### What are the knowledge, understanding, and theory in biology?

All the above examples and perspectives are serving for a key message Mayr wanted to convey from the very beginning of the book: there’s a need of different/new set of methodology and philosophy of science for biology (because those have been dominated by physics). I still remember that I always disagree with this opinion of Mayr and thought that he didn’t know enough physics. But now, even though I still don’t know if Mayr really knew some physics or not, I do know that my previous understanding of biology was too shallow.

So here I’d like to record the transition of my mindset and hope to prevent the non-biologists reader from discriminating biology. Meanwhile, this can also be an opportunity for biologists (like my roommate) to have more senses on the common prejudice from students with physics and math background.

### Philosophy of science: the misunderstandings between biologists and physicists

I learned a little basic philosophy of science during my undergrad. It was nothing more than logical positivism, Kuhn’s paradigm shift, Popper’s falsification, etc. As ignorant as a kid, I had been regarding these as the axioms of doing science for a very long time. Not until I had much more independent thinking in the past few years did I realize the abundance of philosophy of science.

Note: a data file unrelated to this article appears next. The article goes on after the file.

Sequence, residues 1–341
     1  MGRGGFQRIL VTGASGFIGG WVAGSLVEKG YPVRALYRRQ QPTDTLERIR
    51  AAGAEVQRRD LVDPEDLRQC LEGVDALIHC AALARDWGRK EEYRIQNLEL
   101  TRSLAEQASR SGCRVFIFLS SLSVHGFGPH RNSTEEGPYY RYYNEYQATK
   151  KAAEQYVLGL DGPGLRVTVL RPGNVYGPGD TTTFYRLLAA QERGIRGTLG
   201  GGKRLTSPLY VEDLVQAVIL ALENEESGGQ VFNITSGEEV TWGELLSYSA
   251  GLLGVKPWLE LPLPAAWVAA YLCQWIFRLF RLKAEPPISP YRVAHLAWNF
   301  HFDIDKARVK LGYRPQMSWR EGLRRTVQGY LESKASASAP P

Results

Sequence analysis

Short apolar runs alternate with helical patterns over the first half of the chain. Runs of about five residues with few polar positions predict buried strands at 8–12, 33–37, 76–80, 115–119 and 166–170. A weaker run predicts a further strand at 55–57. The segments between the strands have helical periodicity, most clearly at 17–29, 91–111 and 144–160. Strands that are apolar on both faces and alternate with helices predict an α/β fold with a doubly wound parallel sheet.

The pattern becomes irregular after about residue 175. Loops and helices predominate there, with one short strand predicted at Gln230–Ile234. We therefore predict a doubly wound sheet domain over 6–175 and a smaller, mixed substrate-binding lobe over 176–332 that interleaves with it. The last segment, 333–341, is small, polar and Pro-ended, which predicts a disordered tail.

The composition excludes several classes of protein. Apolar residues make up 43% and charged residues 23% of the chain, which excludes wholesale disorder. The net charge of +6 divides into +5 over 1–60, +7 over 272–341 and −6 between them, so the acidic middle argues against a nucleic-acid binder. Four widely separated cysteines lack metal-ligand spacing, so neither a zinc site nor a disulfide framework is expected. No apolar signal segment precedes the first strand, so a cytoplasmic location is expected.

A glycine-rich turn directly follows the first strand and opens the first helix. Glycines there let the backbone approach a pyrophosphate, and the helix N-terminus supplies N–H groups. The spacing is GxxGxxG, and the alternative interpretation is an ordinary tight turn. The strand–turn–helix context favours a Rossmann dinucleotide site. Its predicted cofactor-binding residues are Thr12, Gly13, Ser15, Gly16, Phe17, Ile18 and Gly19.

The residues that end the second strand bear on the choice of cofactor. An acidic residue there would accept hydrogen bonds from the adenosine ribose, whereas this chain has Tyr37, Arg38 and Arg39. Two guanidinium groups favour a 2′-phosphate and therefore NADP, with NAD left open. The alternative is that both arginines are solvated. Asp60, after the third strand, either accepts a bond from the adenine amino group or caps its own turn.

In the first paragraph of the Philosophy of Science section in the book, Mayr pointed out that even though there are several schools of thought, they all still center around physics (especially theoretical physics) and might not be that suitable for biology. I think this difference can be perfectly explained by the title of a famous paper by evolutionary biologist Stephen Jay Gould: “Evolution as Fact and Theory.” Notice that Gould didn’t say that evolution is reality or truth, while these two are exactly what most theoretical physicists are looking for! For example, this mindset can be seen from the title of the book by Nobel Prize in Physics laureate Roger Penrose: “The Road to Reality.”

Using more modern concepts to analyze the comparison of physics and biology, I would say the former is more like scientific realism while the latter is closer to instrumentalism. Simply speaking, scientific realism believes in the existence of an “ideal theory” and advocates that the goal of scientific research is to move closer and closer to the ideal theory. However, instrumentalism takes the opposite opinion and believes that scientific theories are tools for us to understand the world. Hence, the focus should be on explaining and predicting real-world phenomena.

Of course, I oversimplify the serious comparison and discussion on the different branches of philosophy of science. My main aim here is to plant some seeds in the readers’ minds so that you all can explore and build up your philosophy of science (The Stanford Encyclopedia of Philosophy could be a good starting point). As a friendly reminder, it is important to keep in mind that the philosophy of science ultimately is still just an assistant to help us clarify the goal and essence of scientific research. It’s not the end, and there’s no correct answer for it. Everyone can have different preferences, and the same person can even have different philosophical beliefs in different disciplines or sub-disciplines. If one can understand more perspectives, then this not only enriches your thinking, but also helps you think from other’s angles when talking to someone from a different field.